In spite of innocence: erroneous convictions in capital cases

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Northeastern University Press, 1992 - Law - 399 pages
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Few errors made by a government can compare with the horror of executing an innocent person. But the ordeal of victims of judicial error is not measured only by whether they are executed. This sobering book tells the personal stories of over 400 innocent Americans convicted of capital crimes. Some were actually executed; most suffered years of incarceration, many on death row. The volume confronts the reader with how easily safeguards against mistaken convictions can fail. In showing that ordinary citizens, in spite of their innocence, can become trapped in the machinery of justice - even sentenced to die - the authors deliver a strong indictment against capital punishment. Michael L. Radelet, Hugo Adam Bedau, and Constance E. Putnam recount in alarming detail the mistaken identities, perjured witnesses, overzealous prosecutions, and negligent police work that led to more than 400 people being erroneously convicted of capital or potentially capital crimes in this country between 1900 and 1991. The authors describe the arduous routes these defendants traveled to prove their innocence; they demonstrate how frequently luck played a crucial role in freeing an innocent defendant; and they show how, all too often, public officials remained indifferent to evidence that an innocent person had been sentenced to death. "Most Americans do not seriously distrust our criminal justice system or the efficiency and dedication of law enforcement officers", the authors acknowledge in their introduction. "At the same time we know that public servants are not infallible, and that honest errors and occasionally outright corruption do occur. How frequently in the past has the criminal justice system failedin a capital case to convict only the guilty? What explains these failures? How likely are they to happen in the future? How, if at all, can they be remedied or prevented?" Radelet, Bedau, and Putnam argue that there is no remedy, no way to eliminate the risk of failures, even in what is admittedly the world's best criminal justice system, except to abolish the death penalty.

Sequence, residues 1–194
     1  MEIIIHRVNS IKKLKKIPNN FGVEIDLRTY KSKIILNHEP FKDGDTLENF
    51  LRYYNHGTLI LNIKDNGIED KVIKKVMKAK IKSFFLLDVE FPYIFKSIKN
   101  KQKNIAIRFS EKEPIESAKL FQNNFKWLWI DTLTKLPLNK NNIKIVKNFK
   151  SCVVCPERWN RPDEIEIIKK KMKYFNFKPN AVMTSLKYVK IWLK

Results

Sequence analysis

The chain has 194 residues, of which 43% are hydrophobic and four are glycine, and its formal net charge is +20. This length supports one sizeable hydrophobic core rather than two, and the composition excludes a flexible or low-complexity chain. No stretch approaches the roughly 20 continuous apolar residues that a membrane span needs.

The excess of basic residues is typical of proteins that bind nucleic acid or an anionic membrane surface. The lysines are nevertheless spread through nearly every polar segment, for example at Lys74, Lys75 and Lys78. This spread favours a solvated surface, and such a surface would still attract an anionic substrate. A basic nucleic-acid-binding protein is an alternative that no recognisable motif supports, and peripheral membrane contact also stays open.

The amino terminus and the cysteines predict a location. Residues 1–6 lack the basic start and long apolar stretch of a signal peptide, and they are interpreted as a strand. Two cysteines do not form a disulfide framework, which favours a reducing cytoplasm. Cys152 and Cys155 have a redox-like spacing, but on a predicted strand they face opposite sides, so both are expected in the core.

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IN SPITE OF INNOCENCE: Erroneous Convictions in Capital Cases

User Review  - Jane Doe - Kirkus

Real-life stories of 416 innocent men convicted for crimes punishable by death. This frightening study began in 1964 as a 19-page essay by Bedau (Philosophy/Tufts) that described 74 cases of ... Read full review

In spite of innocence: erroneous convictions in capital cases

User Review  - Not Available - Book Verdict

Similar in style and content to Martin Yant's Presumed Guilty ( LJ 3/15/91), this book reviews cases of persons wrongly convicted of crimes carrying the death penalty. It elaborates upon the important ... Read full review

Contents

Introduction
3
Parti BEARING FALSE WITNESS
18
Partll PRIDE AND PREJUDICE
77
Copyright

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About the author (1992)

Hugo Adam Bedau is Professor of Philosophy, Emeritus, at Tufts University and editor of The Death Penalty in America: Current Controversies.
Paul Cassell is a U.S. District Court Judge for the District of Utah and Professor of Law at the University of Utah College of Law.

CONSTANCE E. PUTNAM is a independent scholar and writer who specializes in medical history and medical ethics. She lives in Concord, Massachusetts.

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